We will talk about these later, but most are self evident.  These commands simply read/write disk sectors to the onboard RAM on the board itself.  Any S100 bus CPU is completely unaware of this process.  While its critical to the board build/debug process, for an S100 bus CPU/operating system it is not utilized.

The Second Mode of action is the one we normally use when the board is built.  It completely bypasses the above monitor and simply looks at two I/O ports on the S100 bus.  From an external point of view that's all the S100 bus operating system BIOS sees. The FPGA_DC board on power up and after initialization simply looks at these ports waiting for an "activating handshake" signal (byte) sent from the S100 bus CPU.  It then kicks into action doing whatever 8 bit command the S100 bus sends it.  This is the communication gate between the two systems.  It has to be simple and fast.  There is a status port and data port. The status port bits set/reset automatically depending on the data process.  The complete circuit resides within the FPGA and its Z80 module.  The S100 bus provides the sINP, sOUT, pWR, and pDBIN signals together with the S100 bus data in/out lines to the FPGA.  All S100 bus signals are switched to the 3.3V levels required by the FPGA with 74LVC245 IC's. The FPGA Z80 monitor can be configured to show in real time the commands being exicuted.
      
Here is a snap-shot example of the display coming over the USB port:-
     
   Runtime CMDs
   
This stream of messages will come over the USB port continuously as you boot and run a disk operating system. This makes BIOS debugging easier.  If bit 0 of the IOBYTE port (SW1), is closed of course the board runs at full speed but no "breadcrumbs" trail is sent.

The FPGA_DC.brd contains the FPGA "schematic" for this and all the modules within the FPGA.  Its fairly complex and should be studied carefully to understand how this board works.  That said,  everything within the FPGA can be treated as a "Black Box" in terms of getting the board to operate as a disk controller board. You should not have to modify any of the circuits for normal use.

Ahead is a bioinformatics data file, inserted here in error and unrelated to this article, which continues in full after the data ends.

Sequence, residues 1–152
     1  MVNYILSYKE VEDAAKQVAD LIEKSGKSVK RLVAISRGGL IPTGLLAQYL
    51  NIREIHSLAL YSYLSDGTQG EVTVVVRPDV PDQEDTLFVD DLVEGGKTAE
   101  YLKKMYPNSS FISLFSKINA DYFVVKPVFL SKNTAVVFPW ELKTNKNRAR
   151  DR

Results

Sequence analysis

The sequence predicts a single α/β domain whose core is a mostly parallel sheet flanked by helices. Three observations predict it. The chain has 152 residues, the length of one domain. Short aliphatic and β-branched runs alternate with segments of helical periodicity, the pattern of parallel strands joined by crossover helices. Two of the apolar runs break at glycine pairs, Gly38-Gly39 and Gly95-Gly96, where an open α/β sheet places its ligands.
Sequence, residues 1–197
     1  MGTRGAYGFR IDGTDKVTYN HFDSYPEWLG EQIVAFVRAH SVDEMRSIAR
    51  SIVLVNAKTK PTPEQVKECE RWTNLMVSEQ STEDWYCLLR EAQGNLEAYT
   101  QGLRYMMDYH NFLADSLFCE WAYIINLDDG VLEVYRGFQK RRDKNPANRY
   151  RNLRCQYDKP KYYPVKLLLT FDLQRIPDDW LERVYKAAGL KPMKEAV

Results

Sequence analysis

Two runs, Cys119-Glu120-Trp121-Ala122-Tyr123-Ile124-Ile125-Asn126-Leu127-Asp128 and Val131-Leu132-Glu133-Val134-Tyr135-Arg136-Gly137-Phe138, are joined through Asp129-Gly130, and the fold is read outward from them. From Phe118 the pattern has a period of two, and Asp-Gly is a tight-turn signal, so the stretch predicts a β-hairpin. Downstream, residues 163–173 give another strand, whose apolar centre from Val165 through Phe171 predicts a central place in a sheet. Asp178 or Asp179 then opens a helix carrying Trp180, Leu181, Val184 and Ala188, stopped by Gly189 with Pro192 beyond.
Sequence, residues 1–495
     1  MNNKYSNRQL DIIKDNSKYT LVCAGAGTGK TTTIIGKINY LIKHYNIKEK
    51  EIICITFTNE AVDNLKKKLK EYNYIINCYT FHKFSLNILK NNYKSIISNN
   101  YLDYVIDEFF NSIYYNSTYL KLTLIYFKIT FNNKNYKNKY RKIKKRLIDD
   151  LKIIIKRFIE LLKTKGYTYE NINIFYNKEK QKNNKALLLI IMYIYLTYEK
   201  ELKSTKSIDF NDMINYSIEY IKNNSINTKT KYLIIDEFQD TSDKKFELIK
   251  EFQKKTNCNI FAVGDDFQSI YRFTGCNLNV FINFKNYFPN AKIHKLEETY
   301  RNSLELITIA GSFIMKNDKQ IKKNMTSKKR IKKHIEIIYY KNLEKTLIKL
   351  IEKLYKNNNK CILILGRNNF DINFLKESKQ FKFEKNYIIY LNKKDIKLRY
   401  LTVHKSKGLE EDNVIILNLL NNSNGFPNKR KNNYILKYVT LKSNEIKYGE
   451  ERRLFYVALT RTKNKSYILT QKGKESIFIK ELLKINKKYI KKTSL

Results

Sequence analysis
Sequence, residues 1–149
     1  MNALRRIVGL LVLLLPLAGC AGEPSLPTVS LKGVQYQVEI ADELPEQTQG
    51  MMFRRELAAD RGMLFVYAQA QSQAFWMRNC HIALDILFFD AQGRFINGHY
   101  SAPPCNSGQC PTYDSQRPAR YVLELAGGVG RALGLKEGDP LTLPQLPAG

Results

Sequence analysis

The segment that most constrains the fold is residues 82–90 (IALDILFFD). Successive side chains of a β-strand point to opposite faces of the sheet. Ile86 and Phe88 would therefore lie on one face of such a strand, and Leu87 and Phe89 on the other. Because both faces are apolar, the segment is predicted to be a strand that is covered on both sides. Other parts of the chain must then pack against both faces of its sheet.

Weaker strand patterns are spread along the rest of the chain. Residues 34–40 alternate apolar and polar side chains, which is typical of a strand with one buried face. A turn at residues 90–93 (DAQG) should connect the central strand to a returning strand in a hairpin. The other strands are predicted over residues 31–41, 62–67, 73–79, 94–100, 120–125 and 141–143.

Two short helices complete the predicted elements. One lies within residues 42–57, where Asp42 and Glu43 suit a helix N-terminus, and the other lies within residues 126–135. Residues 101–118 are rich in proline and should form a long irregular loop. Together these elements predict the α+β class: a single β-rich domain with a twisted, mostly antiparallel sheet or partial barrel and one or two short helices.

There is a Third Mode where we program the FPGA to act in the S100 bus from a software point of view exactly like the original IDE/CF card board.   Any CF cards containing CPM  that runs on your IDE/CF board should run unaltered on this board in this mode (in both slots). This mode is not normally used, it is there to help build/debug this board.   The SD card slots do not work and the new HEX LED displays do not work. While not in the current FPGA code,  all this can be programmed into the FPGA later if desired but it defeats the purpose of using mode 2 which provides a much simpler BIOS interface.


The SD Card Interface
One major advantage of using an FPGA is that interfacing to an SD card is simple.  We use just 4 pins from the FPGA (an SPI interface with Card Select, CLK, Data Out & Data In).   The board has two independent SD cards and CF cards working together on the board.  The board utilized two Adafruit Micro SD Card adaptors.
       
  SD ard Adaptor 
   
In an earlier version of the board I also had an option for SparkFun adaptors as well.  I found unfortunately they do not work well together when sharing the same SPI bus data lines. Also one nice thing about the Adafruit adaptor it has its own surface LED that flashes when the adaptor is active.

All the SD card interactions are completely contained within the FPGA.  Since the voltages levels of the SD card are 3.3V we don't even need a voltage shifter for the FPGA.  
The two Adafruit Micro SD card adaptors also have a line that flags if each actually contains a card. Two independent lines are brought into the FPGA so the Z80 software can act accordingly.

Finally the cards are capable with a very high speed clock (2 MHz), however for initialization the clock has to be at a low 400 KHz rate.  A switch within the FPGA circuit does the trick, switching from 400KHz to 2MHz.  All that said,  in comparison to the CF cards,  sector reads and writes in "bit bang" SD mode are slower than reads and writes with CF cards.

The IDE/CF Card Interface.